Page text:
I don’t think we are returning to the 60s and 70s. Here in Indianapolis I don’t know anyone who lives in the city who is talking about getting out. But I do believe in many of these places people outside the city are going to increasingly decide that the problems of the city are not their concern or are simply unfixable. I would not be at all surprised to see an increasing city-suburb divide, this time not based in active acrimony but increasing suburban indifference and disconnection.

This is one case where I’d very much like to be proven wrong, but I’m just not as optimistic as many others are.

Telework, Telehealth & Real Estate After the Pandemic with Dan Young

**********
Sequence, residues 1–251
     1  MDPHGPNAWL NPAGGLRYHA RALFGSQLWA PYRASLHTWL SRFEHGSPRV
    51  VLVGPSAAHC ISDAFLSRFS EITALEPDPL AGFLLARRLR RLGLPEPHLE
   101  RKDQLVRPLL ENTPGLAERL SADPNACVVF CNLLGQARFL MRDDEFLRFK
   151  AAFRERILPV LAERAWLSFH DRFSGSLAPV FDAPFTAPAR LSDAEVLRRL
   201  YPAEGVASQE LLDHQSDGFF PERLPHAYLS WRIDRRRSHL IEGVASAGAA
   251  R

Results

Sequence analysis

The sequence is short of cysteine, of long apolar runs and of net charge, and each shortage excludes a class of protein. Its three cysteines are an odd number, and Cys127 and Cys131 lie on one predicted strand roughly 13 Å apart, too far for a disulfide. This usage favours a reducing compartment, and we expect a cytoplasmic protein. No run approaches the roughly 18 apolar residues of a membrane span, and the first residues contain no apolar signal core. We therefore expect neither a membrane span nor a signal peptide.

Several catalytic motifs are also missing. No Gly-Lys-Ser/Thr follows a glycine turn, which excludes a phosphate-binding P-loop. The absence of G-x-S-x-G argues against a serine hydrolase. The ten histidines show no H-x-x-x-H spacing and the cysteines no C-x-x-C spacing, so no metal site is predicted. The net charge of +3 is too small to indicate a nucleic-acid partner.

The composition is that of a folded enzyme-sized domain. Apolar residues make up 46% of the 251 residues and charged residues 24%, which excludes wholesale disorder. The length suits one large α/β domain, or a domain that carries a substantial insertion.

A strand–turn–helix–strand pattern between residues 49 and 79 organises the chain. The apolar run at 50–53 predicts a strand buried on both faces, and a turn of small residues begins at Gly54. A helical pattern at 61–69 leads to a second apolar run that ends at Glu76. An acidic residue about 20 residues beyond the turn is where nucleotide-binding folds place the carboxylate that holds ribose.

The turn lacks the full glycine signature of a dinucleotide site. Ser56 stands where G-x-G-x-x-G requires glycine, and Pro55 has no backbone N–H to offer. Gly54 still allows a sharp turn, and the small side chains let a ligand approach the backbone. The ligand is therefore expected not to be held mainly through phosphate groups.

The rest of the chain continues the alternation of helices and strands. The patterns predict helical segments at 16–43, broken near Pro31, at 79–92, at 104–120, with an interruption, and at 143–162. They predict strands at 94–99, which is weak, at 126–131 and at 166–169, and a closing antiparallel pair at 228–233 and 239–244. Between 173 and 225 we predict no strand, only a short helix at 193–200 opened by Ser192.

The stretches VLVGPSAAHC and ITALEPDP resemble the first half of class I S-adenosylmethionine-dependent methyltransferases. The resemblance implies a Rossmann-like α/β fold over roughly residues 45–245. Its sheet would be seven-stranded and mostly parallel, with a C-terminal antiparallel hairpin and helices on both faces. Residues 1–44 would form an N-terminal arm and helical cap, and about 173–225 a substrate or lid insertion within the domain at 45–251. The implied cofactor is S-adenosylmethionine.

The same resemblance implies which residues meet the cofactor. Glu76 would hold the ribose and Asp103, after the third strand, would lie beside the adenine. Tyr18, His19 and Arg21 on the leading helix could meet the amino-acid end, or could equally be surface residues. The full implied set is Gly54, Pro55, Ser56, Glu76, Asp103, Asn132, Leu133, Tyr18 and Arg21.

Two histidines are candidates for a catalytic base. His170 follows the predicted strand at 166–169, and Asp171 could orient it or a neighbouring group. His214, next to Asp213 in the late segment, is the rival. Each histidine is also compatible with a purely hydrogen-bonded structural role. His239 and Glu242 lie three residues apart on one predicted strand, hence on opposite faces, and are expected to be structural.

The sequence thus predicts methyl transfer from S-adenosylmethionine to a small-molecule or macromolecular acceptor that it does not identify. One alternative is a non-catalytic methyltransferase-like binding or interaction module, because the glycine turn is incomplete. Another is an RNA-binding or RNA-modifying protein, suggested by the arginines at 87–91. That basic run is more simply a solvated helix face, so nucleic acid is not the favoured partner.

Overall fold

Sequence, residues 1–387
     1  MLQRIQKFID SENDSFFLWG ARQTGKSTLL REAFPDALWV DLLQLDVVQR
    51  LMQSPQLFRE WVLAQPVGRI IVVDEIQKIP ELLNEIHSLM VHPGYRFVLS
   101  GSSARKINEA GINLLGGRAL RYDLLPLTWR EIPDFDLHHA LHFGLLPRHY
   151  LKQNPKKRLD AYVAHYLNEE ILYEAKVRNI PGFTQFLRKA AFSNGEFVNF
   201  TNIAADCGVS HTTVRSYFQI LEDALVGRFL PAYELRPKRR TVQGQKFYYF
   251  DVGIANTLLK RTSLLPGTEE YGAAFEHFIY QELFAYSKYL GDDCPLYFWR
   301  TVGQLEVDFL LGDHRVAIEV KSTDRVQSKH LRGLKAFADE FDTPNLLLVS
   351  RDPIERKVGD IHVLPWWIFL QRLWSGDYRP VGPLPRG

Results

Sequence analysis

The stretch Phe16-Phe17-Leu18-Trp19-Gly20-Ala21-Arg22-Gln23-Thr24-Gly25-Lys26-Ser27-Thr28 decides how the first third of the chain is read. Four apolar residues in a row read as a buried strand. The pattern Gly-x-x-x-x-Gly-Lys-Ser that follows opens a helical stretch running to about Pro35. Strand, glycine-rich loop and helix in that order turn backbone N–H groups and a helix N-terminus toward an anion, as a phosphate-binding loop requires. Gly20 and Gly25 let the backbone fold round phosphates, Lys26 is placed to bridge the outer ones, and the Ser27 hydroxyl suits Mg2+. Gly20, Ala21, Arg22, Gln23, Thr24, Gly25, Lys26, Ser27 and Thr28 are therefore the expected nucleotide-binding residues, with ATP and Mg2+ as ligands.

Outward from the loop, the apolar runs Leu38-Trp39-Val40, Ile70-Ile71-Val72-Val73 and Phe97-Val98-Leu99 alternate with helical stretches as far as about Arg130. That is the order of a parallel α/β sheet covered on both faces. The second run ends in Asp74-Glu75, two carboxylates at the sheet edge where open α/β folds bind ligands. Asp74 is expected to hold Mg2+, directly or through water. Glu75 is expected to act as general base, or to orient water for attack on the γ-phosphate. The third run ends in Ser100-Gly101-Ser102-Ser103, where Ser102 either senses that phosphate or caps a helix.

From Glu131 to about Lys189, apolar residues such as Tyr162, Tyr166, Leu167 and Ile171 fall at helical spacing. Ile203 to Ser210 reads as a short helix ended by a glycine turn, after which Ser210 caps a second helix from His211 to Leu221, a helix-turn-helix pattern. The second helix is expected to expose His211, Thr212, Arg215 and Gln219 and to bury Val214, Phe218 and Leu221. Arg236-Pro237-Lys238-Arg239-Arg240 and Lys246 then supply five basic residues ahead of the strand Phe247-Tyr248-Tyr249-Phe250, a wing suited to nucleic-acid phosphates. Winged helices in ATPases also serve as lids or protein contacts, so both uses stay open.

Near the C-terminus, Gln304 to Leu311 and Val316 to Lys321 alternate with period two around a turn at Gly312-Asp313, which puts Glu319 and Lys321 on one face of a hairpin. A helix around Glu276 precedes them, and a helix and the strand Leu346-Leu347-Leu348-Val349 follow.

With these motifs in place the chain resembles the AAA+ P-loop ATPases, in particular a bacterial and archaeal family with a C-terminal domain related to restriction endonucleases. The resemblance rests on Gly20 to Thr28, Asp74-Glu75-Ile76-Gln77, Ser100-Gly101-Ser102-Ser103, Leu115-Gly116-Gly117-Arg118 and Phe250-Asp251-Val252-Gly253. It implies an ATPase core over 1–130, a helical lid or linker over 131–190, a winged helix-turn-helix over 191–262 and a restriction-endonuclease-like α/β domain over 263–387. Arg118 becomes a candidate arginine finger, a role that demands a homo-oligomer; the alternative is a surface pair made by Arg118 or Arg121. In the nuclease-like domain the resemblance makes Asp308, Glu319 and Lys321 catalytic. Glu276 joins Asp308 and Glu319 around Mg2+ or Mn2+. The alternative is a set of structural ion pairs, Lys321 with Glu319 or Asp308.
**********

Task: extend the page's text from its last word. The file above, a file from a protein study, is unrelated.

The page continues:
In the second episode of the Feudal Future podcast, Joel Kotkin and Marshall Toplansky talk with guest Dan Young about his vision of the future post-COVID-19. Dan was the former president of the Irvine Company, mayor of Santa Ana, and currently serves on the board of Hoag Hospital.

Listen on Apple Podcast

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Learn more at joelkotkin.com